Horse Riding Exercises, provided by eXtension

October 17, 2019

I’m Clint Depew with the LSU Ag Center. Today
we want to talk about developing riders, particularly young riders to get their balance on the horse,
to get their hands and feet independent and to help them develop rhythm on the horse
so that they can be good riders whether they want to ride on the trail or go to
a horse show or anything else, to develop a secure safe seat on a horse and be comfortable. Today we’re going to start off with a series of exercises
that we’re going to do on a longe line. We want the young people to not have
to handle the horse, have somebody else on the longe line handling the horse so all
they have to do is worry about riding. So we’re going to start with that exercise and with
that, I’ve got Cleve and Judy Weisgerber here the county agent in Vernon parish and they’re
going to start with the exercises starting on a longe line. So we’re going
to start off at a walk, and Judy is riding the horse, Cleve is handling the horse, and we’re going to start off at the walk. The first
thing we want to do with our young riders is to get their legs independent of their arms and their hands so we’re going to ask her to stand in the stirrups With young riders they can stand and they can hold
the saddle horn if they need to if they don’t need to that’s great. But basically this
is going to get the lower leg off of the horse, we want contact with the
upper leg, knee, and part of the calf basically we want that foot to be solid
and independent and away from the horse so that when we do cue the horse with
our leg and ask him to move sideways or move forward, whatever, he can feel that and understand that. Now, we’ll do this at a walk, trot, and a lope,
Cleve, if you’ll speed up and trot a little bit Just getting those legs independent. Now, the legs should be still, hopefully the head and shoulders will be still, and we’ll absorb
all of the movement of the horse basically in the middle of our body. So do this
exercise at a walk, trot, and at a lope and go slowly until your riders are comfortable
with it. Once their comfortable, then you can keep adding the pace. Don’t get in a
hurry. We’re going to show you the exercise today, but not take the time that you
would need with a young rider. Now, if we can get her to sit down, And we’re going to drop her feet out of the
stirrups. Again, we go back to the walk And we’d like her legs to basically, to drop her leg back into
there, for her leg to stay in the same place that it would be when you’re riding with stirrups,
so the knee would be bent, legs slightly under you, this is going to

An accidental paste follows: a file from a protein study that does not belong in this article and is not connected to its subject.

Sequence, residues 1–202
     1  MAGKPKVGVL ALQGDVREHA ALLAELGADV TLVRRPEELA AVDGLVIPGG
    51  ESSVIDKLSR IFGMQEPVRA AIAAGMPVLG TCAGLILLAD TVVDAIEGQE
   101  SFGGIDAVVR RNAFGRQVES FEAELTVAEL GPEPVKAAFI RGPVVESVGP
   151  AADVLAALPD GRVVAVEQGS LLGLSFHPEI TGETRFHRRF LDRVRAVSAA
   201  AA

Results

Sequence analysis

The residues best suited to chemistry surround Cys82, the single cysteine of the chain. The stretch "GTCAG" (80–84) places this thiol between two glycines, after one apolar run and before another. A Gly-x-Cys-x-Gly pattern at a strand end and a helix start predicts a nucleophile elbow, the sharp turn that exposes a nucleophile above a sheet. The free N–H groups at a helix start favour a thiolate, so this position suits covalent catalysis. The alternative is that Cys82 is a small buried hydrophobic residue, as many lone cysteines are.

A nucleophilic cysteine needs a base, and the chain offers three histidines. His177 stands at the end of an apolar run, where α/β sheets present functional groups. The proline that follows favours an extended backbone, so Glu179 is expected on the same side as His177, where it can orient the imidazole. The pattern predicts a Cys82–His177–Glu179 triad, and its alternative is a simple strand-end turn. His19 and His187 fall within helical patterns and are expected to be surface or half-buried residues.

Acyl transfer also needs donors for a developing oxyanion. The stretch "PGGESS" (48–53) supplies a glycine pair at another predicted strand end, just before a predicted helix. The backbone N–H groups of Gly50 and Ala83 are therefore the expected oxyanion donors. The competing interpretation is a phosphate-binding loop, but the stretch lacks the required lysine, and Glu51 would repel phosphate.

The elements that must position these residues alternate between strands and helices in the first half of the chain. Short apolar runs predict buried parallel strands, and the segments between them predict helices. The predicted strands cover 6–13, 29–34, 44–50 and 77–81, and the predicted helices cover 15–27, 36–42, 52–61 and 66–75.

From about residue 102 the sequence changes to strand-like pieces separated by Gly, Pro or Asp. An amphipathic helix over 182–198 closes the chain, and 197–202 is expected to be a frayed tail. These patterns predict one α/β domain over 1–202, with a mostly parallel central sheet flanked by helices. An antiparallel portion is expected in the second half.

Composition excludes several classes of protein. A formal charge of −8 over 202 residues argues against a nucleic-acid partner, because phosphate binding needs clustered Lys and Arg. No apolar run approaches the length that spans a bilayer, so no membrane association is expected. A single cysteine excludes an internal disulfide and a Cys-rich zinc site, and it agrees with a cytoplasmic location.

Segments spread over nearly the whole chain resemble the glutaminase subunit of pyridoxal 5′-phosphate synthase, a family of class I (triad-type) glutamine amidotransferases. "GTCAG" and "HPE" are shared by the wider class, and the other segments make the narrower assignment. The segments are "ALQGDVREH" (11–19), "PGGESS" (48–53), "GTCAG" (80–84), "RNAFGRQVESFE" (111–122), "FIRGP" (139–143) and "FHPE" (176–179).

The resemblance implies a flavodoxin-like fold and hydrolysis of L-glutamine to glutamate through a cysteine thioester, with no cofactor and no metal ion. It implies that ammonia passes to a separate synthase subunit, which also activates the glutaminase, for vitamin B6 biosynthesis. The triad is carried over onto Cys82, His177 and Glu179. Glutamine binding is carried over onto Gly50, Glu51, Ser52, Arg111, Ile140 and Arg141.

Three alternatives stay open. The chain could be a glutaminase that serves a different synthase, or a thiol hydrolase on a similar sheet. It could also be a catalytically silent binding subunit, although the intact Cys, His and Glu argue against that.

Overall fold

develop the rider from the knee up through the waist. And this is where we want most
of the absorption of the movement of the horse Again, the shoulders and the neck are still, the feet should be still, and the hip and the waist movement is following the movement of the horse and relaxing. Alright so let’s trot at that if we can, And again, Judy is an accomplished rider, so
she’s sitting real close to her horse and relaxed. And this is again developing the rider
from the knee up to the waist Now, pick up your stirrups again, Again, we would do this at a walk, trot and lope,
and let your riders hang onto the saddle horn as much as they need to until they’re comfortable. Now, the thing we want to do is get
our legs and our hands independent. So we’re going to start off after we’ve stood
in the stirrups, we’ve ridden without stirrups now we’re going to start doing riding arm exercises. So, at a walk, trot, and a lope, we’re going to
ask her to reach over and touch the horse way over on her neck, and bend her body. See this
is going to get the bend in the waist get you loose there, and get the horse comfortable. Young kids will ride this way, they’ll start
relaxing, they’ll stop worrying about falling off and just start having fun. Ok, straight back on his hip. And then straight up, straight up, and then down. Ok, the right hand, change hands on his neck back on his hip straight up and down. Now take both hands straight out. Now, swing your arms forward, twist forward and twist back And in time we will start doing this in rhythm with the horse and let’s trot and do the same thing Now in the riding exercises we’re going to take a lot
of time, we may take a month or 2 months just doing these exercises before we ever let them ride independently. Alright, can we lope a little bit Alright, can we lope a little bit We’re going to do the same thing, all the same exercises at a walk, trot, and lope, and every time
your rider is more comfortable, you can increase the speed, you can increase the motion, until
we get a rider that’s very comfortable with the horse. Alright, stop a second. Now, as the rider is more accomplished, now we’re going
to ask her to bring her right leg up And we can take it and have her ride with the
leg up. This again is getting the leg independent of the hands, now take your left hand over on his neck back on his hip Straight up and down now put that leg down, bring the other leg up take your left hand this time, or either hand,
left hand over on his neck, back on his hip, straight up, and down Now, basically what we want to do with these
riding exercises is get these kids where they can stand good in the stirrups, their feet
are solid in the stirrups, their hands are independent of their feet so if they
move their hands their feet don’t move so we can guide our horse and we start finding balance If we give kids the opportunity to sit, and relax
and ride, concentrate on other things besides falling off the horse, most of them will
find the rhythm pretty quick and they really get to be competent riders in a hurry.

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